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Reasons to Never Use Internet Explorer Again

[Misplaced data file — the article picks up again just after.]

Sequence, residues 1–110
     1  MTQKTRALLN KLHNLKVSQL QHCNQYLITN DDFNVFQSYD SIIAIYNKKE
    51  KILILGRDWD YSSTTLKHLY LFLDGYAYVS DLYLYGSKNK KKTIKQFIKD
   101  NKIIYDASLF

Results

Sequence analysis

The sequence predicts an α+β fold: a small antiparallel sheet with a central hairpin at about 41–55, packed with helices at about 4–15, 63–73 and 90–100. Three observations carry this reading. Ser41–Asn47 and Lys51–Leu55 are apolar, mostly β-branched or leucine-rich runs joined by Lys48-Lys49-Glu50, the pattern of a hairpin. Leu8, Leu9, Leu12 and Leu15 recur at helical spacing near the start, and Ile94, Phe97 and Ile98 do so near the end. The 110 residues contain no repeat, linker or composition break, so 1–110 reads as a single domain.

[This article was originally published in The Coloradoan on 8/24/12] For years, I’ve avoided Internet Explorer at all costs. It’s a poorly written Internet browser application with numerous security flaws. The fact that these flaws are well documented has always been a point of confusion because I’d think that a mega-company like Microsoft would surely have the resources and brain power to fix them. But, alas, I’ve been saying that for a long time and Microsoft continues to fail on all accounts with Internet Explorer, or IE. Why is IE so bad? Let’s begin with the obvious. In today’s technological age, when a software becomes too big, there are malicious people who try to tear it down. As IE became the most widely used browser somewhere in the past decade, more hackers have been hard at work to breach its security. That’s a red flag in itself to stay away. Another huge flaw with IE is that Microsoft has always released fixes to known bugs on a timed schedule. While these often do fix some of the issues, software vulnerabilities don’t follow the same schedule. As one problem is fixed, many others may pop up. This leaves a window when issues aren’t addressed until the next scheduled security release. Next, there’s the release of Internet Explorer 9, which is supposed to rival top competitors like Safari and Firefox. However, there is a major problem with IE9: older Microsoft operating systems such as Windows XP don’t run IE9 properly. So, only those who have made the leap to Windows 7 are able to use the newer version. Not a very practical update for the masses who don’t yet have or want Windows 7. Last, there are many alternatives to IE, such as Firefox and Chrome, that don’t share the same problems. These alternatives are well-built browsers with better security features, better handling of add-ons and extensions, and more. And, the best part: they are all free. So, why waste your time or energy with IE when there are better options out there? Typically, when I ask people why they still use IE instead of an alternative browser, it’s lack of knowledge of their choices. You should consider all of your choices, and, once you adopt a new Internet browsing experience, I think you’ll enjoy it more. Stu Crair is the owner and lead trainer at The Digital Workshop Center. Reach him at (970) 980-8091 or...